Many years ago, the manager at a hotel where I was staying in Taiwan informed me that his boss was ailing due to diabetes.

Well, that’s not exactly what he said. Dick Chang’s exact words were, “I not know how to say in English, but I think you understand: in Chinese we say, “sugar pee-pee sickness.”

The term for diabetes is the same in Chinese and Japanese and is written 糖尿病 (tōnyōbyō), composed of 糖 (to, sugar), 尿 (nyō, urine) and 病 (byō, sickness).

This may have been my first moment of 悟り (satori, enlightenment), when I realized that words expressed in kanji could convey complex meanings in a way that often made them fully comprehensible to speakers of other languages.

Of course a certain amount of 暗記 (anki, rote memorization) is required first, to reach that level. But then at some point, your 直観 (chokkan, intuition) kicks in and you find yourself understanding new words the first time you encounter them. This cognitive process can occur at the oral, visual or subliminal level, or any combination thereof.

Take this example: While ordering a snack at a Kentucky Fried Chicken outlet in Shanghai several years ago, I noticed a dispenser on the counter labeled with two characters, 吸管.

The first, 吸 (kyū) consists of kuchi-hen, the mouth classifier, at the left, followed by a phonetic 及, pronounced qi in Mandarin Chinese or kyū in Japanese. The Japanese verb is 吸う (suu, to suck). It appears in the word 吸血鬼 kyūketsuki, (“suck-blood ghost” — vampire).

The second, 管 (kan), has take-kanmuri, the bamboo classifier, at the top, beneath of which is the phonetic 官 guan (Chinese) or kan in Japanese, (which when used independently means a government official). It means a tube or pipe.

Kyūkan does not appear in the Japanese Kojien dictionary, but these random bits of data surged through my brain in perhaps 30 milliseconds and I knew I had to be looking at the Chinese word for “straw.”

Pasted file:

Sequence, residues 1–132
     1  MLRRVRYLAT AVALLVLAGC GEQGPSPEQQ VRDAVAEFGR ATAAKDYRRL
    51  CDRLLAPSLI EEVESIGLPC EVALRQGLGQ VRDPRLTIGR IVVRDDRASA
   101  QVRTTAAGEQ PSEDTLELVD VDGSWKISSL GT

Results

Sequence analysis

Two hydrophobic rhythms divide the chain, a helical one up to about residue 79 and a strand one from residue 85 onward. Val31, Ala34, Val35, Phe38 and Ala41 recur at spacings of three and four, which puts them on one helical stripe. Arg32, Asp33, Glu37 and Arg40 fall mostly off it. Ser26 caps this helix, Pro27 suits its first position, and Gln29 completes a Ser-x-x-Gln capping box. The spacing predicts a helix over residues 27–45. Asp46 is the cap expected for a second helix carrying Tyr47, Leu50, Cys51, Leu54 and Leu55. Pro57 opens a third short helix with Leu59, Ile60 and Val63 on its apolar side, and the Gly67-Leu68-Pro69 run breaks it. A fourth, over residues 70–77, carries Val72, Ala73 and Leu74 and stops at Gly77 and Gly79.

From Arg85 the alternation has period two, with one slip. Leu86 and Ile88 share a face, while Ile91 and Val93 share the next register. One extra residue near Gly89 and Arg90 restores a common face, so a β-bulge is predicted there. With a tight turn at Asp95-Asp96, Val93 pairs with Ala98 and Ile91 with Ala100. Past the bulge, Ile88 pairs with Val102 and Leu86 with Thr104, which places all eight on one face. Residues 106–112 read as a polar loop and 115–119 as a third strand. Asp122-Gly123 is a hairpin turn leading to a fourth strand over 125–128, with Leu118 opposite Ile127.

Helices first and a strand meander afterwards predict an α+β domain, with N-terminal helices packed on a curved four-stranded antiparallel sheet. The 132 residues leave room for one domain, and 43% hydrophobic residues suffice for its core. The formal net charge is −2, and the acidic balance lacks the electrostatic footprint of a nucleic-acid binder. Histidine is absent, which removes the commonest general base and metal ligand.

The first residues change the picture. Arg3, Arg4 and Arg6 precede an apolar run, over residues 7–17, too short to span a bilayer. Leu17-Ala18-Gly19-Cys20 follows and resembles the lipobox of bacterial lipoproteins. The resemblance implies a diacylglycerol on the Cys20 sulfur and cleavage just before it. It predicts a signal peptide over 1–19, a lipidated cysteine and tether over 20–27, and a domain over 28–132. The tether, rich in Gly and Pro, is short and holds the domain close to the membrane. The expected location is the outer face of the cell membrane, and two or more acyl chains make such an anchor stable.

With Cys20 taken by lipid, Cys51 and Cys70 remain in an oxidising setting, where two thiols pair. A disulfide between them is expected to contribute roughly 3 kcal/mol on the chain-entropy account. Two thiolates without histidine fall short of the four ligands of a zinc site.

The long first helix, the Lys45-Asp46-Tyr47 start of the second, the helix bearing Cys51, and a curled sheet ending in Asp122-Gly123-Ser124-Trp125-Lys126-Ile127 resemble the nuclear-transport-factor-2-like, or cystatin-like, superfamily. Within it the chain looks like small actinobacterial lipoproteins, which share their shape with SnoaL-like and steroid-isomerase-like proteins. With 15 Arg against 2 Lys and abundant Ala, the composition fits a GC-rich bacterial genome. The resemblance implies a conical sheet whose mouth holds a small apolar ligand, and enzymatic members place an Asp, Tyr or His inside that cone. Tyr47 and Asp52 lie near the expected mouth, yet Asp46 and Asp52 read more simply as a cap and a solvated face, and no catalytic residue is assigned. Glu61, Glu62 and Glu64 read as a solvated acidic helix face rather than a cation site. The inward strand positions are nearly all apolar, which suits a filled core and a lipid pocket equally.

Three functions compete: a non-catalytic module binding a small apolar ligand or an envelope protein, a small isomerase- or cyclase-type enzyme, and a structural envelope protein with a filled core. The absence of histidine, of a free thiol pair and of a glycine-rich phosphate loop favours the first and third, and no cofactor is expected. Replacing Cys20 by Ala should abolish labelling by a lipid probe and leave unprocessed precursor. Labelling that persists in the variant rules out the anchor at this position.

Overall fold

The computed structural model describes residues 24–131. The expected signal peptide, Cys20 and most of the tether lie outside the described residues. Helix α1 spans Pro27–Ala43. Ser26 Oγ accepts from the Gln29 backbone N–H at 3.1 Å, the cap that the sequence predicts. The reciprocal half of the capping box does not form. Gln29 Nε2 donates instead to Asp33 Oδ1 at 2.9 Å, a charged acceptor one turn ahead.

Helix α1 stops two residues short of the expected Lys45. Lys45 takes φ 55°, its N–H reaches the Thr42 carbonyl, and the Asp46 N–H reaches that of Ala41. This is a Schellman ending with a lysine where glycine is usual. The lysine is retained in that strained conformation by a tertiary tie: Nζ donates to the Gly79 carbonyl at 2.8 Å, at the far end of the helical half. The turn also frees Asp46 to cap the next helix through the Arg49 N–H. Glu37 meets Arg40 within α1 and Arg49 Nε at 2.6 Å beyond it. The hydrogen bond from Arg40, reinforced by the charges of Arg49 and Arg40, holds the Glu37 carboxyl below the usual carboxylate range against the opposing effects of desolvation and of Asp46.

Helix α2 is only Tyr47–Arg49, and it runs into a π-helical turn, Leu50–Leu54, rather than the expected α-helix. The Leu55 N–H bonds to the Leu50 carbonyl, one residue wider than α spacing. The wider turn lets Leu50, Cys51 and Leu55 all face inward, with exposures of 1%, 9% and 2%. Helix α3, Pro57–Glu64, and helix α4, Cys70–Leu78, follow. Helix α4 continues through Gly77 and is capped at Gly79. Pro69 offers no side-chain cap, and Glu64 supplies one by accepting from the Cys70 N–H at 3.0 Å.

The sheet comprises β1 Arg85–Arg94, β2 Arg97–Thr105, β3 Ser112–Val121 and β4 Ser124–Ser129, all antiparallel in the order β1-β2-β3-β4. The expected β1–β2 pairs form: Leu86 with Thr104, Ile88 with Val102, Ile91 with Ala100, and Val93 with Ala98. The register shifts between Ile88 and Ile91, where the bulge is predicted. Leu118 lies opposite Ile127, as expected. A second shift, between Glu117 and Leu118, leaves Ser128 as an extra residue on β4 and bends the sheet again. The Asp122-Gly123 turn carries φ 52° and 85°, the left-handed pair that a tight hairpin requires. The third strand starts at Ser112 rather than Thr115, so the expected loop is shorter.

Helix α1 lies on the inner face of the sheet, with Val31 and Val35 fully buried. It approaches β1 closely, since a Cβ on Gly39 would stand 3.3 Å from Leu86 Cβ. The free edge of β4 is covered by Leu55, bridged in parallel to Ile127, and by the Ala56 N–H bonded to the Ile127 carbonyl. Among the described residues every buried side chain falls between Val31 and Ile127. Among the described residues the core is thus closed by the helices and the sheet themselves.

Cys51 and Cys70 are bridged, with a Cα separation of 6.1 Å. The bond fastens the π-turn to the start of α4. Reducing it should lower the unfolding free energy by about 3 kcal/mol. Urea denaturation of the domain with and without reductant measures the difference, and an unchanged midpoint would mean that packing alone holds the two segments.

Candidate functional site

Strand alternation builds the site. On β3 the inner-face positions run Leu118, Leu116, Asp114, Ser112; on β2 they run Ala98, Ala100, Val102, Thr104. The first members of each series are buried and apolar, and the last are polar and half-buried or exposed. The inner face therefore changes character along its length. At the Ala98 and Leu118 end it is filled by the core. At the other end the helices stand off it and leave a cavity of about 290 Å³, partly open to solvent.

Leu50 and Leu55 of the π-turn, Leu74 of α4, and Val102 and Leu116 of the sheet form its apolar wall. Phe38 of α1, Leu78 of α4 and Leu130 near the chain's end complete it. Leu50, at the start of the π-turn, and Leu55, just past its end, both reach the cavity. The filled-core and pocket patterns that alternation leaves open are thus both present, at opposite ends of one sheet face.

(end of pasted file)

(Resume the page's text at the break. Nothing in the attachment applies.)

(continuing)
Stumbles and failures at communication can also be a great learning tool, because miscommunication is often the first step in communication.

Once at a friend’s house I was discussing 臓器提供 (zōki teikyō, organ donation), organs that are harvested from accident victims who have been pronounced 脳死 (nōshi, brain dead), sometimes colloquially expressed in English as “human vegetable,” i.e., a person in a vegetative (non-responsive) state. Not knowing the Japanese term for this, I just plunged ahead with the closest English equivalent I could come up with, which was 野菜人間 (yasai ningen (vegetable human).

Fortunately my listener immediately grasped what I was trying to say from the context. Smiling, she corrected me with the proper Japanese term, 植物人間 (shokubutsu ningen, “plant human”), which is practically the same thing.

Here’s a selection of kanji terms that can be readily understood when rendered directly into English:

• 飛魚 tobiuo (“fly fish,” flying fish)

• 馬車 basha (“horse vehicle,” horse-drawn wagon)

• 花瓶 kabin (“flower bottle,” vase)

• 大陸 tairiku (“great land,” continent)

• 天使 tenshi (“heavenly messenger,” angel)

• 地図 chizu (“land diagram,” map)

• 円盤 enban (“round plate,” disc or discus)

• 今日中 kyōjū (“now day center,” within today)

• 主食 shushoku (“master food,” staple food)

• 迷彩 meisai (“confused colors,” camouflage)

Now certainly the terms won’t correspond so closely in every situation, but surprisingly often, the meanings of compound words can be discerned by combining logic and intuition. And what’s more, once you become accustomed to the process, acquisition of vocabulary becomes increasingly easier.

Of course many Japanese expressions are idiomatic and while logical in their own way, they don’t necessarily transliterate well into English. For instance 奥歯 (okuba, “deep teeth”) are recognizable as the molars, but the deepest thereof, one’s wisdom teeth, are referred to in Japanese as 親知らず (oyashirazu, not-knowing parents). This goes back to the time when human life expectancy was so short, as often as not one’s parents had already died by the time the wisdom teeth grew in, around age 20.

Once I asked a Japanese friend how to say “Peeping Tom” and he responded, with a giggle, that the word was 出歯亀 (debakame, which literally translates as “buck-toothed turtle”). The word, a fairly recent addition to the Japanese lexicon, is derived from Kametaro Ikeda, a somewhat notorious voyeur with a serious overbite problem, who made news headlines when arrested in Tokyo back in 1908 on suspicion of murder.

Kametaro (the “kame” in his name means “turtle”) Ikeda was just as notorious as Peeping Tom, a tailor in 11th-century Coventry, England, who disobeyed the proclamation to avert his eyes while the legendary Lady Godiva made her nude horseback ride through the town, and received 天罰 (tenbatsu, heavenly punishment) by being struck blind.

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